When it comes to migration, there are certain things to put into considerations. Besides the basic human needs such as good access to food and housing, employment opportunities, education and health care, quality of life is a very important thing to consider while planning to relocate to any country. Quality of Life includes job security, racial accommodation political stability, environmental quality and individual freedom,
There are different articles on top countries to live and work in everywhere on the internet but majority of these articles are centered around material wealth of a country which is not the most important factor in assessing a life lived well. The results of the Quality of Life sub-ranking survey reflect that sensibility.
The 2019 Best Countries rankings, formed in partnership with BAV Group, a unit of global marketing communications company VMLY&R, and the Wharton School of the University of Pennsylvania, are based on a study that surveyed more than 20,000 global citizens from four regions to assess perceptions of 80 countries on 75 different metrics. The Quality of Life subranking is based on an equally weighted average of scores from nine country attributes that relate to quality of life in a country: affordable, a good job market, economically stable, family friendly, income equality, politically stable, safe, well-developed public education system and well-developed public health system. The Quality of Life subranking score had a 17 percent weight in the overall Best Countries ranking.
For the 4 years in a roll, Canada retains the number 1 ranking overall for providing a good quality of life. Survey respondents view the North American country as number 1 for;
- Both being politically stable and having a well-developed public education system
- Having a good job market, a perception supported by independent research. The North American country is seen as possessing the fifth best well-developed public health care system.
Canada is rated in the top 10 in all but one of the nine attributes, affordability, where Asian countries dominate.
Seven European countries are ranked in the top 10, and 13 from the continent rank in the top 20. Sweden, Denmark and Norway immediately follow Canada, with Switzerland, Finland, Australia, the Netherlands, New Zealand and Germany also finishing in the top 10.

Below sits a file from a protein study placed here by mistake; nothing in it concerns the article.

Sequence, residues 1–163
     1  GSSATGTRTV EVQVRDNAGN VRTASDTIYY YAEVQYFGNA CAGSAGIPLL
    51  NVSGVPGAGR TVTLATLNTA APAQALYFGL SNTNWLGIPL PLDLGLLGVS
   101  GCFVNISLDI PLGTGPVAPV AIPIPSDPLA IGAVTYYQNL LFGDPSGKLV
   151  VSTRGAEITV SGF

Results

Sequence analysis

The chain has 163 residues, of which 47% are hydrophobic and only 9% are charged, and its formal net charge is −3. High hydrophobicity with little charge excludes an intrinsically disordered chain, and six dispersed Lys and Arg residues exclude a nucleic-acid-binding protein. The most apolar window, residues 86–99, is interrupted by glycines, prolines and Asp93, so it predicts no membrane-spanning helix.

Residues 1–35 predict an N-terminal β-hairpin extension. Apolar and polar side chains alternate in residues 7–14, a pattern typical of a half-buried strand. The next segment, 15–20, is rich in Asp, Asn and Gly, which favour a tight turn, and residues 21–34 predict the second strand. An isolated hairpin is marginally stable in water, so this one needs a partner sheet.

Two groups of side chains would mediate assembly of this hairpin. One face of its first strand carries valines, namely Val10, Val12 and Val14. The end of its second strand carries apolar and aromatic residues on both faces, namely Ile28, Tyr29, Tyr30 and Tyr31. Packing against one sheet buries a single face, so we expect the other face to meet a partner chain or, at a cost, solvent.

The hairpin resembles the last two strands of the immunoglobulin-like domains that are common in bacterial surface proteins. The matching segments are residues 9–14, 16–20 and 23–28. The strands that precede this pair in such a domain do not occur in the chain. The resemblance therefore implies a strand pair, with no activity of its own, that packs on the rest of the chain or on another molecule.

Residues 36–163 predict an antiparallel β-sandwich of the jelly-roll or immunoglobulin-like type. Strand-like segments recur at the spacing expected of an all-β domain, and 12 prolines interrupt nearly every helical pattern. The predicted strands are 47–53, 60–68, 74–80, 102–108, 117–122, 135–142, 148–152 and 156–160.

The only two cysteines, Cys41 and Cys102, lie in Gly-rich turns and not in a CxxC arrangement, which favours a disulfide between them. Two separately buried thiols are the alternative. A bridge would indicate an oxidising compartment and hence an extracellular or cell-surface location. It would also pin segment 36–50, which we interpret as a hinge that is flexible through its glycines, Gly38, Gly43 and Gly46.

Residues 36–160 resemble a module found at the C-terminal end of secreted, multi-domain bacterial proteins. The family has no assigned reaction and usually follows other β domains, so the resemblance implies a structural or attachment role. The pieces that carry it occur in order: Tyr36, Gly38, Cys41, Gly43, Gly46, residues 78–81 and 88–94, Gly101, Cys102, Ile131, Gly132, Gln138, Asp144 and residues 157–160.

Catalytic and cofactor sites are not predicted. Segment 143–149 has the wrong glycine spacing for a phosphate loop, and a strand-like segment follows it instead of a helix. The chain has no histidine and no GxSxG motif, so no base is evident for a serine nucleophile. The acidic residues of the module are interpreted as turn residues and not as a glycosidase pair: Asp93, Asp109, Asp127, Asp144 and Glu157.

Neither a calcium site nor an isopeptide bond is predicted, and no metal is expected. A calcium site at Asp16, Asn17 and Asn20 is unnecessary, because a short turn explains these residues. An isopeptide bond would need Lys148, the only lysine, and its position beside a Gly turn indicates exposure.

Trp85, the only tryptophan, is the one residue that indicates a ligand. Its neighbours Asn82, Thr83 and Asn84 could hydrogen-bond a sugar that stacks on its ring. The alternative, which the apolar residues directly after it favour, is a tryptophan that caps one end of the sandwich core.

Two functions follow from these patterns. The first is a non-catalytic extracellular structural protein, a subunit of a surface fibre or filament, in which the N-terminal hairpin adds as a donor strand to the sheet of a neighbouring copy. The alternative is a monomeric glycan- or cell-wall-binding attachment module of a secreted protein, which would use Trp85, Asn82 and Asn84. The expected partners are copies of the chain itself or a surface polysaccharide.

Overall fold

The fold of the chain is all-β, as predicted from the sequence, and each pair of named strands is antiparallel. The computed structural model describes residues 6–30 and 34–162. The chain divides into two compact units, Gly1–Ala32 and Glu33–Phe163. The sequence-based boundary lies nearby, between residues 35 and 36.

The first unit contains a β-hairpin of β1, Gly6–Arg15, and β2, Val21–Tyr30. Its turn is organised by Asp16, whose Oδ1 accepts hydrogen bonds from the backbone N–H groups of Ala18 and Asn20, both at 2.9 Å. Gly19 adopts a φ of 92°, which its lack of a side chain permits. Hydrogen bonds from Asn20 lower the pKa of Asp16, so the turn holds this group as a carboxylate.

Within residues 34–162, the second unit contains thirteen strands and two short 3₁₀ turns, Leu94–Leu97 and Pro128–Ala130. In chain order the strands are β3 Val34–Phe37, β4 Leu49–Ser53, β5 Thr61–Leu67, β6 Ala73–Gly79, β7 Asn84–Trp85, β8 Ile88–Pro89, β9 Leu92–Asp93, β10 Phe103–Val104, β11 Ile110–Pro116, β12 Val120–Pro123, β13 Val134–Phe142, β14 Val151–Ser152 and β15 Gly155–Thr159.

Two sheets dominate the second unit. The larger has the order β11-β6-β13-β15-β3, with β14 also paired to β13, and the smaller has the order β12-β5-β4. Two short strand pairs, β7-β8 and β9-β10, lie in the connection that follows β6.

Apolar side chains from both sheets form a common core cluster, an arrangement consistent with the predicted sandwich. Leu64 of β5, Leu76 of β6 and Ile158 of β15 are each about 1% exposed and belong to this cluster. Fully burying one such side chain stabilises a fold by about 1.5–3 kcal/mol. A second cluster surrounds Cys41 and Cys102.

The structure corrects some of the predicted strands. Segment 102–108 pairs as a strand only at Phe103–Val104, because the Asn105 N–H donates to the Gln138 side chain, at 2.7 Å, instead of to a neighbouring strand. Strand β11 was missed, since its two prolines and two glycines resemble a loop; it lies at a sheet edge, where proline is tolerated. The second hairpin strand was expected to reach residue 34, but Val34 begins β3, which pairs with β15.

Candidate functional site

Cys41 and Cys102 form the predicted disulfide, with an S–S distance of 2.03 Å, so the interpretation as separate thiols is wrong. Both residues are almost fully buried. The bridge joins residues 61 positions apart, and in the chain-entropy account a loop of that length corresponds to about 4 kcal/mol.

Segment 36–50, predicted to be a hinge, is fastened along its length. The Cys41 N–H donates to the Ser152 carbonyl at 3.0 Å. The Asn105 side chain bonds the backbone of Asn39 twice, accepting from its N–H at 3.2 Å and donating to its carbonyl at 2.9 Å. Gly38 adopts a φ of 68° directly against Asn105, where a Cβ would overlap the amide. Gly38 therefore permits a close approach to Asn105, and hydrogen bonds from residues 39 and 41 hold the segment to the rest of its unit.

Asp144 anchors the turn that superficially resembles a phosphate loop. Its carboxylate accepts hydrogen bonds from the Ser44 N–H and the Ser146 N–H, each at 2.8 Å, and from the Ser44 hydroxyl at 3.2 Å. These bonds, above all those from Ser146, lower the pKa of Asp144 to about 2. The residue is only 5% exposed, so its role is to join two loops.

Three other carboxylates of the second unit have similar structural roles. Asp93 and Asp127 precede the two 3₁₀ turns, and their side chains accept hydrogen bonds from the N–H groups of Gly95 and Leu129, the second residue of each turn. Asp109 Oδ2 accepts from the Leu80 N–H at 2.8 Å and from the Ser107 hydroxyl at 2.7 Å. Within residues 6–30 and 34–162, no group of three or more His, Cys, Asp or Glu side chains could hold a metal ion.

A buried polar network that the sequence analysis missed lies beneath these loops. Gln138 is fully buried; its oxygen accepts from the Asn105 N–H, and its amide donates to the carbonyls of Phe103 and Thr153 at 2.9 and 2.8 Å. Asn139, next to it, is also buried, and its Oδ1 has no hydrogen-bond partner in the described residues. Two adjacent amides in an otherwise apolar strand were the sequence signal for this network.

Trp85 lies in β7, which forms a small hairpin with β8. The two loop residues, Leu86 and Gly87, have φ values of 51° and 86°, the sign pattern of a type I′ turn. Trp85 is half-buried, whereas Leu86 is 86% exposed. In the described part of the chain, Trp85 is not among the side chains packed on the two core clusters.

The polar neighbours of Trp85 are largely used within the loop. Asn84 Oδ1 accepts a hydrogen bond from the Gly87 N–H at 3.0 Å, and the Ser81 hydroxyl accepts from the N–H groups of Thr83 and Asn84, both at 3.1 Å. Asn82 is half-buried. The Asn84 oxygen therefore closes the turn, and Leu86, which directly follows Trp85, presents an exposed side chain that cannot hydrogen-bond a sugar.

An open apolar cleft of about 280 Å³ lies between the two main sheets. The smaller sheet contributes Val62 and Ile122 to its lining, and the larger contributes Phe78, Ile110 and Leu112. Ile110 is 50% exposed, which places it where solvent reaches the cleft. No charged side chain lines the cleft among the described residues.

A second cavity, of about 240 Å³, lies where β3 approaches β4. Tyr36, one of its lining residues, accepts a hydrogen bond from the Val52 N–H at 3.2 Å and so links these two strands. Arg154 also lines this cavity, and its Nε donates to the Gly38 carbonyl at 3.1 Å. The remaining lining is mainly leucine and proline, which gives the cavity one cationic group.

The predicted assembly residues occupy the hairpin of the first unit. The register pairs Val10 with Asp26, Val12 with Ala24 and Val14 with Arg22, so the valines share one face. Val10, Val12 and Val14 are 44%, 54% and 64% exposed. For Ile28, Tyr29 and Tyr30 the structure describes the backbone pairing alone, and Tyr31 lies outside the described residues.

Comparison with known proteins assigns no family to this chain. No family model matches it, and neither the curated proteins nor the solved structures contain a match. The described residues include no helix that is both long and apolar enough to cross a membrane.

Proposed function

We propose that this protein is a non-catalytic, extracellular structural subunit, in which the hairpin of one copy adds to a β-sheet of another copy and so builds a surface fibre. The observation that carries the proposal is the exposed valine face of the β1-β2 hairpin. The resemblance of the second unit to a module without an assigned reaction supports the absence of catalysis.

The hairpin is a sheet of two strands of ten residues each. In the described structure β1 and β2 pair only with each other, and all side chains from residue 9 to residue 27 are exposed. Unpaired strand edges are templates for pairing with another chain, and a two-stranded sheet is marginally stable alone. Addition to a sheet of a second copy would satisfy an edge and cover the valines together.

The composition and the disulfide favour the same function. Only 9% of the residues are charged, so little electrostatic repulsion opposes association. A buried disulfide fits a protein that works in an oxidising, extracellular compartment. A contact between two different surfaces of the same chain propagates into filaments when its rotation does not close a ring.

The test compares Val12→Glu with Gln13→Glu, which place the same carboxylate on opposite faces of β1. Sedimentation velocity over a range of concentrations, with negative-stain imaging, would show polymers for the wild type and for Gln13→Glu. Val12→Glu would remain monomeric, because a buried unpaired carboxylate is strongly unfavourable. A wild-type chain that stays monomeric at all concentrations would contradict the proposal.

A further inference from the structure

Canada takes up about two-fifths of the North American continent, making it the second-largest country in the world after Russia. The country is sparsely populated, with most of its 35.5 million residents living within 125 miles of the U.S. border. Canada’s expansive wilderness to the north plays a large role in Canadian identity, as does the country’s reputation of welcoming immigrants.
The Kingdom of Sweden, flanked by Norway to the west and the Baltic Sea to the east, expands across much of the Scandinavian Peninsula and is one of the largest countries in the European Union by land mass. Capital city Stockholm was claimed in the 16th century, and border disputes through the Middle Ages established the modern-day nation.
The Kingdom of Denmark emerged in the 10th century and includes two North Atlantic island nations, the Faroe Islands and Greenland. Along with Sweden and Norway, it forms Scandinavia, a cultural region in Northern Europe.
The Kingdom of Norway is the westernmost country in the Scandinavian peninsula, made up mostly of mountainous terrain. Nearly all of its population lives in the south, surrounding the capital, Oslo. Norway’s coastline is made up of thousands of miles of fjords, bays and island shores. The Norwegians developed a maritime culture, and were active throughout the Viking era, establishing settlements in Iceland and Greenland.
Switzerland, officially called the Swiss Federation, is a small country in Central Europe made up of 16,000 square miles of glacier-carved Alps, lakes and valleys. It’s one of the world’s wealthiest countries, and has been well-known for centuries for its neutrality.
Geography defines the history and culture of Nordic Finland, one of the most northern-reaching countries in the world. Bordered by Scandinavia, Russia, the Baltic Sea and the Gulf of Bothnia, Finland and its vast stretches of heavily forested open land acts as a northern gate between West and East.
The Commonwealth of Australia occupies the Australian continent. The country also includes some islands, most notably Tasmania. Indigenous people occupied the land for at least 40,000 years before the first British settlements of the 18th century.
Situated along the fringes of Western Europe, the Netherlands is a coastal lowland freckled with windmills characteristic of its development around the water. Three major European rivers – the Rhine, Meuse and Schelde – run through neighbors Germany and Belgium into the nation’s busy ports.
British and Polynesian influences course through picturesque New Zealand, an island nation in the Pacific Ocean southeast of Australia. Early Maori settlers ceded sovereignty to British invaders with the Treaty of Waitangi in 1840, and European settlers flooded in. Today, 70 percent of Kiwis, a common term for the people of New Zealand after a native flightless bird, are of European descent. A sense of pride has surged among the Maori, the country’s first settlers who now account for about 14 percent, as homeland grievances become more openly addressed.
Germany, the most populous nation in the European Union, possesses one of the largest economies in the world and has seen its role in the international community grow steadily since reunification. The Central European country borders nine nations, and its landscape varies, from the northern plains that reach to the North and Baltic seas to the Bavarian Alps in the south.